Last evening we returned, after a too-long absence, to one of metro Phoenix's great treasures and one of the best bookstores in the United States, Changing Hands Bookstore in Tempe. Although our residence in the Valley has been sporadic over the last decade, Changing Hands on McClintock Drive and its earlier, much-mourned store on Mill Avenue near ASU, has always been a haven for us.
The legendary store opened way back in 1974, decades before we'd come here, and in 2007 was named Publishers Weekly's Bookseller of the Year. When we were living in Mesa in 2000 and our Silicon Valley Diet came out, Gayle Shanks and her staff were very nice to us.
Anyway, we went to many events at Changing Hands during the times we lived in Arizona and the times we were just being a snowbird, as now, or a long-term visitor. We can remember a late 90s David Sedaris reading that was so crowded that we never actually got to see the author, just hear him.
Of course, many times we'd just come in and browse and walk around and sit with a book or magazine we bought and read at the bakery café that's attached to the store. Indie Bound calls Changing Hands "a store that is a work of art--soft curves, beautiful murals, interesting nooks filled with books and gifts for all tastes and budgets."
Of course, they're not immune to the current Great Recession; a sign on the front door said they have to cut back like the rest of us and so are no longer giving cash for used books. But having survived for 35 years through other bad times, we're sure they'll be around for a while, performing a needed function for the community here.
We used to enjoy going to the First Friday poetry readings, where we'd sometimes hear the work of friends who taught English, as we did, or were students at ASU and Mesa Community College. So we were glad to see that First Friday is still going strong.
Unfortunately, the evening's featured reader, Bryan Hall, whose chapbook, Walks on Wheels, was published in 2003 by Ione Press, was ill. We hope he gets better soon, but there were good substitutes in the persons of Shawnte Orion and Rosemarie Dombrowski, whose work was skillful enough to keep our mind from wandering, which it too often has done during hundreds of poetry readings since we first started attending them at Brooklyn College back in the late 60s.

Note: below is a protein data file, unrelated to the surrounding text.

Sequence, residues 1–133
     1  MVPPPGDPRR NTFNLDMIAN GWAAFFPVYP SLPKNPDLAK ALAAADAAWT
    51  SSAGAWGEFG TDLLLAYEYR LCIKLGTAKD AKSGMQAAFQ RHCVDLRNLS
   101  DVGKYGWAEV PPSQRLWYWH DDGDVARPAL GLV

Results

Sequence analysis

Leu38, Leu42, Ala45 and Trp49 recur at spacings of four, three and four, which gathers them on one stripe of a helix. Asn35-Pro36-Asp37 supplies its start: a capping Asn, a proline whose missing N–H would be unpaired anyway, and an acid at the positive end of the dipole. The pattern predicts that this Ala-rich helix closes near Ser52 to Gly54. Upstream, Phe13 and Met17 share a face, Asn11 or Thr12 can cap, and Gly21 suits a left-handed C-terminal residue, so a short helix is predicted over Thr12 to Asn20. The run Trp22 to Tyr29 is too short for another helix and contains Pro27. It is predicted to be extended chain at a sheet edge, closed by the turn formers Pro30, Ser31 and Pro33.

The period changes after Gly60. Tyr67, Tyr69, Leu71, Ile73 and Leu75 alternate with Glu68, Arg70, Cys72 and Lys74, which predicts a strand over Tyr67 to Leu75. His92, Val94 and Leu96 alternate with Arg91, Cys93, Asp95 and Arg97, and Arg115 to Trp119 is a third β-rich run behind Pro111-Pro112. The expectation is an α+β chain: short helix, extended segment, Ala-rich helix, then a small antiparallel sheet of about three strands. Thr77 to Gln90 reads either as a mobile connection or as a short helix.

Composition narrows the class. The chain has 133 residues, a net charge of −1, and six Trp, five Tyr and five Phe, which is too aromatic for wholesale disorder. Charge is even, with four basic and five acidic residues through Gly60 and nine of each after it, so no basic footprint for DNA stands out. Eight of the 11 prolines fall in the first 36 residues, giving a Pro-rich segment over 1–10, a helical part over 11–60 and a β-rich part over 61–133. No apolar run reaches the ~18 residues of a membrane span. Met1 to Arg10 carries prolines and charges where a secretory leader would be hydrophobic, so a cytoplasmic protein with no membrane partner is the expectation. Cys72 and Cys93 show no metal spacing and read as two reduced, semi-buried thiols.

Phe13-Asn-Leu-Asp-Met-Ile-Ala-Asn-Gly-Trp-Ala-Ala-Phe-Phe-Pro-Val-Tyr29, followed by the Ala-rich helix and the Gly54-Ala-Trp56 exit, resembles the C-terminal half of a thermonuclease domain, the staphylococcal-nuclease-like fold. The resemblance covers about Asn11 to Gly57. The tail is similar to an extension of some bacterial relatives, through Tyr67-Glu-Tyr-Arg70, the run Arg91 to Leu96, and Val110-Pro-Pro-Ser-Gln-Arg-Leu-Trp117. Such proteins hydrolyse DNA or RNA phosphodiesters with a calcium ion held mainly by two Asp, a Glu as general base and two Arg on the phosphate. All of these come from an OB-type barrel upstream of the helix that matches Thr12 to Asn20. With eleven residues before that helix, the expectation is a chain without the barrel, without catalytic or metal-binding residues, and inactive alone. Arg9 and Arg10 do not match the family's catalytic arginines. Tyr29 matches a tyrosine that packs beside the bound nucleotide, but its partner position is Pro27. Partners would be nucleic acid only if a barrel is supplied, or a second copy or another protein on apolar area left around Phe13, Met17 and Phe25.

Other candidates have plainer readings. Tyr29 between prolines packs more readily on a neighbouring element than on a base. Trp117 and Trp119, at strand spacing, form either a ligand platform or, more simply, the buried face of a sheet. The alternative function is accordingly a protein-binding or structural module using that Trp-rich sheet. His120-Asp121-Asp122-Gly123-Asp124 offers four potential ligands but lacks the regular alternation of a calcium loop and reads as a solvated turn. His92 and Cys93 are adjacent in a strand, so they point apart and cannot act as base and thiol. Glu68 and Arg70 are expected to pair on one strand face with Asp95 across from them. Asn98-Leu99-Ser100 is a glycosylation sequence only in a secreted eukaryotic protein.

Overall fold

Rosemarie is editor of the great poetry joural Merge (Bryan is assistant editor) and teaches at ASU Downtown. Our favorite of her poems is "Plausible Heaven":
Grandma always wore babooshkas
on Sunday, her gray hair
roped around her head the way
exsanguinate the fingers.
Her little room was churchly, too:
all green beans
and provolone cheese,
a drawer of saintly scapulars,
the collection of self-laminated clovers
taped to the closet door.
And surrogate grandpa Allen,
so beautifully distinct
in outlaw bearding,
humming Buddhist prayers
while dropping acid
and cavorting (man on man)—
the indistinguishable smells of
moon and sun, the barely recognizable
barometric pressure of the hour.
And so long as granny
didn’t know the details,
they’d both wear scarves and
fixate on devotional tunes,
their voices slightly flat before the altar:
that unavoidable union of
lick and clover
near the epicenter of
between Haight and Kansas City.
My prayer (and grandma please forgive me)
of togetherness tonight, my
mindful, starving vision at eleven:
Allen (with his glasses) reading
letters of devotion,
twigs of wisdom
that they’ve likely shared up there;
excreted into pots outside my Phoenix door.
Like Rosemarie, Shawnte Orion has appeared in dozens of literary journals and he's a great performer. His chapbook The Infernal Gaze was published by Red Booth Review (our old friend and colleague W.T. Pfefferle, Red Booth's proprietor, kindly once published our story about Cuban-Chinese restaurants, later collected in Silicon Valley Diet).
We especially like Shawnte's poem, "Arizona Wildfires, like Global Diplomacy":
Months without rain
crisp pine needles
into an incendiary forest
Lightning without rain
ignites the inevitable blaze
that will devour the Coconino
A controlled burn- they set fires
to prevent the fire, establishing a perimeter
with deliberate patterns, but winds
Carry flames across scorched fields
and throughout the ponderosas, consuming
hundreds of peripheral saplings
as collateral damage
And his Sarah Palin poem was great, too.
The reading ended with some nicely translated Rumi poems. Thanks to the poets and Changing Hands Bookstore for another wonderful event. We'll be back when we can.